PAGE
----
Sanctuary mural: St. Francis Xavier Preaching in Goa, Portuguese India .................... Buffalo Religious Arts Center - Table of Contents
St. Francis Xavier in Goa, Portuguese India
Excerpts from the Catholic Encyclopedia: St. Francis Xavier
[Francis Xavier was] born in the Castle of Xavier near Sanguesa, in Navarre, 7 April, 1506; died on the Island of Sancian near the coast of China, 2 December, 1552.
In Paris 1525-1536
In 1525, having completed a preliminary course of studies in his own country, Francis Xavier went to Paris, where he entered the collège de Sainte-Barbe. Here he met the Savoyard, Pierre Favre, and a warm personal friendship sprang up between them. It was at this same college that St. Ignatius Loyola, who was already planning the foundation of the Society of Jesus, resided for a time as a guest in 1529. He soon won the confidence of the two young men; first Favre and later Xavier offered themselves with him in the formation of the Society. Four others, Lainez, Salmerón, Rodríguez, and Bobadilla, having joined them, the seven made the famous vow of Montmartre, 15 Aug., 1534.
In Venice 1536-1537
After completing his studies in Paris and filling the post of teacher there for some time, Xavier left the city with his companions 15 November, 1536, and turned his steps to Venice, where he displayed zeal and charity in attending the sick in the hospitals. On 24 June, 1537, he received Holy orders with St. Ignatius.
In Rome 1539-1540
The following year he went to Rome, and after doing apostolic work there for some months, during the spring of 1539 he took part in the conferences which St. Ignatius held with his companions to prepare for the definitive foundation of the Society of Jesus. The order was approved verbally 3 September, and before the written approbation was secured, which was not until a year later, Xavier was appointed, at the earnest solicitation of the John III, King of Portugal, to evangelize the people of the East Indies.
In Lisbon 1540-1541
He left Rome 16 March, 1540, and reached Lisbon about June. Here he remained nine months, giving many admirable examples of apostolic zeal.
In Goa 1542-1545
On 7 April, 1541, he embarked in a sailing vessel for India, and after a tedious and dangerous voyage landed at Goa, 6 May, 1542. The first five months he spent in preaching and ministering to the sick in the hospitals. He would go through the streets ringing a little bell and inviting the children to hear the word of God. When he had gathered a number, he would take them to a certain church and would there explain the catechism to them.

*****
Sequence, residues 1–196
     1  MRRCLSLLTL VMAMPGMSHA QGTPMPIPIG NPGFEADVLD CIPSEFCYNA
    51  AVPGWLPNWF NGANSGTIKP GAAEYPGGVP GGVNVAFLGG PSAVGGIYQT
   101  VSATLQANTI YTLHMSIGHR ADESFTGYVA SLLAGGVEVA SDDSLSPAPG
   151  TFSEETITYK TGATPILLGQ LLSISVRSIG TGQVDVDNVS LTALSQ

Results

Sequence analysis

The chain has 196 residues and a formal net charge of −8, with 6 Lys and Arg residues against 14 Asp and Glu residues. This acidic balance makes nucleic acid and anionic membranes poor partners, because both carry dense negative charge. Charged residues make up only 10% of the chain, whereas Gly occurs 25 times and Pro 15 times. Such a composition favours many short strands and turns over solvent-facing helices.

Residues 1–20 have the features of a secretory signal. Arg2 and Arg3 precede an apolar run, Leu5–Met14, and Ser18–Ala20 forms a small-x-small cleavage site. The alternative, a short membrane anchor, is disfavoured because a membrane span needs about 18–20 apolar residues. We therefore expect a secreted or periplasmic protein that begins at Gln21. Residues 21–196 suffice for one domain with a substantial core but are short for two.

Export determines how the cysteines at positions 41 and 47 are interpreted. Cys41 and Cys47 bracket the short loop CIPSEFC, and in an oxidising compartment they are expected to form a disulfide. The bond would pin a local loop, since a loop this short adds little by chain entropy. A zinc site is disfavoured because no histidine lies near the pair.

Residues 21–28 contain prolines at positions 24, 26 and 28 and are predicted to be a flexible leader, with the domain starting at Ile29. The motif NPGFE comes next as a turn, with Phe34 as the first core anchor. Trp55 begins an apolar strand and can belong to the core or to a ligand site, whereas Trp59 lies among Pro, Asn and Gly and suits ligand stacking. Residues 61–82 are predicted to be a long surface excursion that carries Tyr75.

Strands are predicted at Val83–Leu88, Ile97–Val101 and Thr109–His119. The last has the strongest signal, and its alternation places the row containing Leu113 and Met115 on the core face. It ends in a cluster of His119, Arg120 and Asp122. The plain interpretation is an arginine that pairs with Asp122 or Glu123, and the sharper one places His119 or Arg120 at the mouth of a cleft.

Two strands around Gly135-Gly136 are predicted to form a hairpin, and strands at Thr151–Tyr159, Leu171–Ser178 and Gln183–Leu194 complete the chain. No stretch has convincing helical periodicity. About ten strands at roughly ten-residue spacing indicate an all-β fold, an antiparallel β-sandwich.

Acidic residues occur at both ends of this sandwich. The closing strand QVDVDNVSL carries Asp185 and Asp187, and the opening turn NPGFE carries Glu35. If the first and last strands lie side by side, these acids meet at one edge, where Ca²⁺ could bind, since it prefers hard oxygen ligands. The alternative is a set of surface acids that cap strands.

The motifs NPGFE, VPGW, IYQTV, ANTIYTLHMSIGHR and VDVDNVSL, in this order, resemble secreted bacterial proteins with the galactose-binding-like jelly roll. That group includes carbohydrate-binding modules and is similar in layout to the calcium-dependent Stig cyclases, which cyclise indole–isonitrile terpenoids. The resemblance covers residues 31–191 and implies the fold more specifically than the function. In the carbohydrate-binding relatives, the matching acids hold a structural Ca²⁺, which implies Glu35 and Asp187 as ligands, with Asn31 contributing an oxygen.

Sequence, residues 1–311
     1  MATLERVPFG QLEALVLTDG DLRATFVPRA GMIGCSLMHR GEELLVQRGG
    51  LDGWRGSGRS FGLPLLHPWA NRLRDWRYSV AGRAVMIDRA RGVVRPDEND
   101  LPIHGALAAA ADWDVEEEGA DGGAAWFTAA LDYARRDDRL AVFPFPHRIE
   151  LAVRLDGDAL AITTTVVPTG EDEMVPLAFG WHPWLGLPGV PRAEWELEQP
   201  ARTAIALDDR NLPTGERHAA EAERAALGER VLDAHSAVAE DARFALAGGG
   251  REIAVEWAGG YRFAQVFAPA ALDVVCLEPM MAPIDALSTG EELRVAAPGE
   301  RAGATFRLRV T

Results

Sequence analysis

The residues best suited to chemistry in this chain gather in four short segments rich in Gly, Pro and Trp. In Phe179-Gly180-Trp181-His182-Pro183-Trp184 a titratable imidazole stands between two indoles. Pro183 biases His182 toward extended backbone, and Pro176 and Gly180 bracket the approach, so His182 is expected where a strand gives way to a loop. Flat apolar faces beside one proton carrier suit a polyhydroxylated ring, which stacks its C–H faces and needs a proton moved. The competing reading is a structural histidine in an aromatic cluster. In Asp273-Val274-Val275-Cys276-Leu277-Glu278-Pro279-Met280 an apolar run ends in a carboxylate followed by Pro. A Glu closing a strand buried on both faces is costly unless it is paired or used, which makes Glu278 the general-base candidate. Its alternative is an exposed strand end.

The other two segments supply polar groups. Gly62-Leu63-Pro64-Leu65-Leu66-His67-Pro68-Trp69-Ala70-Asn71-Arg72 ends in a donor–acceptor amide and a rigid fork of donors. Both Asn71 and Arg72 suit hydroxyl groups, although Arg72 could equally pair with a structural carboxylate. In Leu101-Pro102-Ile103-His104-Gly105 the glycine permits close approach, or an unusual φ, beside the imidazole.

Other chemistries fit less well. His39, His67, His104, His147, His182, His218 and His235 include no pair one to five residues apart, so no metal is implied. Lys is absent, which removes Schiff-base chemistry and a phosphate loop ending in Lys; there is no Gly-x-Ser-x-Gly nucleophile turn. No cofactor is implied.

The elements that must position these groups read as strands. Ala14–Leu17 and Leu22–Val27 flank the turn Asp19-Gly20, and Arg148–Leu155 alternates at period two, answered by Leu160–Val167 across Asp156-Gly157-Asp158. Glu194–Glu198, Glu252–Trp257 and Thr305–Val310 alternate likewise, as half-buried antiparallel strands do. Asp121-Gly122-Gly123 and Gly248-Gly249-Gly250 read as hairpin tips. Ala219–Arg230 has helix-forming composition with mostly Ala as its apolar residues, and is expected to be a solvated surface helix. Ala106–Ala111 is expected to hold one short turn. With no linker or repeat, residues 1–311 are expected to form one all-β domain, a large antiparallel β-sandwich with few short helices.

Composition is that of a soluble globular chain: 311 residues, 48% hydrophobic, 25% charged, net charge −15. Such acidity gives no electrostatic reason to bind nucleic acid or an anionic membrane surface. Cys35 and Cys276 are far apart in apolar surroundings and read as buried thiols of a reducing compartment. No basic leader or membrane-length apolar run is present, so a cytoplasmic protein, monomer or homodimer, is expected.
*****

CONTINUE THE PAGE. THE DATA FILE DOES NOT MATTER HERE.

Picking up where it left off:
About October, 1542, he started for the pearl fisheries of the extreme southern coast of the peninsula, desirous of restoring Christanity ... He devoted almost three years to the work of preaching to the people of Western India, converting many, and reaching in his journeys even the Island of Ceylon.
The body of the saint is still enshrined at Goa in the church which formerly belonged to the Society. In 1614 by order of Claudius Acquaviva, General of the Society of Jesus, the right arm was severed at the elbow and conveyed to Rome, where the present altar was erected to receive it in the church of the Gesu.
The Portuguese in India
The history of the Portuguese conquests in India dates from the arrival of Vasco da Gama in 1498, followed by the acquisition of Cranganore in 1500, Cochin in 1506, Goa in 1510, etc. From the year 1500, missionaries of the different orders (Franciscans, Dominicans, Jesuits, Augustinians, etc.) flocked out with the conquerors, and began at once to build churches along the coast districts wherever the Portuguese power made itself felt.
The city of Goa
The city of Goa, originally a fortress in the hands first of the Hindus and then of the Mohammedans, was taken by Albuquerque in 1510. As soon as he became master of the place he built the first church--that of St. Catherine, who thus became the patron of the new city. This was the beginning of a vast series of churches, large and small, numbering over fifty, with convents, hospices and other institutions attached, which made Goa one of the most interesting ecclesiastical cities in the world....
Most of the churches have disappeared, leaving nothing but a cross to mark their site. Others are in various stages of decay, while a few are kept in repair. The finest of those still standing are grouped about the great square: the cathedral (built 1571), in which alone the full liturgy is kept up by a body of resident canons, and adjoining which is an archiepiscopal palace, the Bom Jesus church (Jesuit, built c. 1586), containing the body of St. Francis Xavier incorrupt in a rich shrine;